The Bass Rock by Evie Wyld
There is a quiet fury in Evie Wild’s books that obviously appeals to me because I nearly break a leg bolting into the book shop to pick up what she has written the sweet moment it goes on the shelf.
In my review of the award winning ‘All the Birds Singing’ I wrote Evie Wyld’s writing is wonderful. It is blunt, brutal and savagely evocative and she hasn’t let us down with The Bass Rock. It’s another searingly powerful read and reconfirms her status as one of Australia’s best writers (her Miles Franklin Award certainly makes it so as well).
This story is about three women who, despite living generations apart, are all connected by the formidable Bass Rock in Scotland. The rock stands merciless, unmoving and dangerous – perhaps an analogy for the men in the story.
In it’s shadow are the women.
Sarah, a teenager, is hunted, accused of being a witch in the 1700s. Ruth arrives at Bass Rock after WW2 to become wife to a newly widowed husband and mother to his two sons, a role she survives with the help of stiff whisky enjoyed from breakfast onwards; and Viv, arrives 60 years later to sort through the house, her father’s belongings and the lost pieces of a long family saga.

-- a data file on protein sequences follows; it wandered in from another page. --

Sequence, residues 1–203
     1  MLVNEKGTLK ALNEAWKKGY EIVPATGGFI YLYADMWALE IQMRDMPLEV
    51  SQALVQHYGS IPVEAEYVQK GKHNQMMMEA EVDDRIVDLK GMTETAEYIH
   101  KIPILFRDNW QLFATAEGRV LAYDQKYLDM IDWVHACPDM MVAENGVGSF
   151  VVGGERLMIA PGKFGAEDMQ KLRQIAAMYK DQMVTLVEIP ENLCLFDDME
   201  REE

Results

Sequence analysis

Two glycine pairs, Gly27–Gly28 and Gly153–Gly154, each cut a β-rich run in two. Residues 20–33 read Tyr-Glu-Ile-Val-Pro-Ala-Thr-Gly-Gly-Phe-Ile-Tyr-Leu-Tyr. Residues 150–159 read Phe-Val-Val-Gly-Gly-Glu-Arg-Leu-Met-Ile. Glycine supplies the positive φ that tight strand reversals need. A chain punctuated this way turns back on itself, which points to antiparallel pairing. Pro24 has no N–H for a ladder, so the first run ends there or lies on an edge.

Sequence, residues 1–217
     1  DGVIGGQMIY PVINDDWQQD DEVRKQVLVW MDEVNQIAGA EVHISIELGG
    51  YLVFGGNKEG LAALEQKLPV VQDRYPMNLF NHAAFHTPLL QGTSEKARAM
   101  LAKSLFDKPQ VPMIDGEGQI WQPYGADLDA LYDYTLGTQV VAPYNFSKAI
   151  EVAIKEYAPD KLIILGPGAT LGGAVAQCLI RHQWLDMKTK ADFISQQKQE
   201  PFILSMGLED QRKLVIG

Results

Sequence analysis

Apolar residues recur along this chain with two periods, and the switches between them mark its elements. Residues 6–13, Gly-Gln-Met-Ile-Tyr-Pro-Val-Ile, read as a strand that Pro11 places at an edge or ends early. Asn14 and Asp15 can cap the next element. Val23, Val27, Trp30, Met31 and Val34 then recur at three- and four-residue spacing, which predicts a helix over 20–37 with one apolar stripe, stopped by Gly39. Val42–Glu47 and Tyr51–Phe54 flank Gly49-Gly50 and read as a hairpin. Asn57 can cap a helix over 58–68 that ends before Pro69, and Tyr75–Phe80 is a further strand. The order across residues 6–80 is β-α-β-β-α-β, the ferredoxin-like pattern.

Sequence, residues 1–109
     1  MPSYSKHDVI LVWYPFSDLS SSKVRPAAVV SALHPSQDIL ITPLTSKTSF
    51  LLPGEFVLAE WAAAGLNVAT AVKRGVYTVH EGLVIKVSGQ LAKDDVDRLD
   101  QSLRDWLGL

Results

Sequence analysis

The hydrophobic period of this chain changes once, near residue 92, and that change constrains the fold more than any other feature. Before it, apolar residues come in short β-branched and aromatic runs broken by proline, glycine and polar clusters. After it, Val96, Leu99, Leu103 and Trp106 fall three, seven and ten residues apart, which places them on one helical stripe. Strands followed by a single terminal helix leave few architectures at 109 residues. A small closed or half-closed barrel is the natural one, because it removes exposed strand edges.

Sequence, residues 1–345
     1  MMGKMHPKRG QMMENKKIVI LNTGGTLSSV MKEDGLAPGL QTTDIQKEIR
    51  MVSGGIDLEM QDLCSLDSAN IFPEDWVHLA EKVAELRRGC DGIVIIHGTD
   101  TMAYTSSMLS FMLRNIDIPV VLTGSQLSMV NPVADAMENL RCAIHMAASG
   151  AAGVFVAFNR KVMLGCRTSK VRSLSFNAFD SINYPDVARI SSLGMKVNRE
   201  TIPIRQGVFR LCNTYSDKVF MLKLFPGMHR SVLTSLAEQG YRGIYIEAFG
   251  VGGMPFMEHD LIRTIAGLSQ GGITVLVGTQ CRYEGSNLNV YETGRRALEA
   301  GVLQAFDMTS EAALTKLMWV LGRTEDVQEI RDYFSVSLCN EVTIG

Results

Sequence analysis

As a child Viv discovers a sodden suitcase near the rock, a suitcase holding the body of a murdered woman and this grisly discovery is where we begin.
With each chapter Wyld carefully moves between Sarah, Ruth and Viv’s stories with a gentle and protective voice while she pokes at the unspeakable, cruel violence and abuse toward women across the ages. It is so very subtle, sickening, un-neverving and of course it hides in full view whispering page after page – until it roars.
Wild’s prowess is her ability to unsettle you, long after the book is shut and this gothic tale even has a devastatingly sad ghost story perfectly placed to drive home the treachery and secrecy of abuse.
Sarah, Ruth and Viv (and the others) stick with you and when I read I book – fact or fiction – I want that. I crave characters who are indelible.
After finishing the book, I was left with this vivid imagery. All the women – there are a lot and some are nameless – were standing on the sand in the shadow of Bass Rock, arms linked, chins forward, broken but rebellious, as one.
They stood proud. They stood defiant.
But that is just my two cents worth.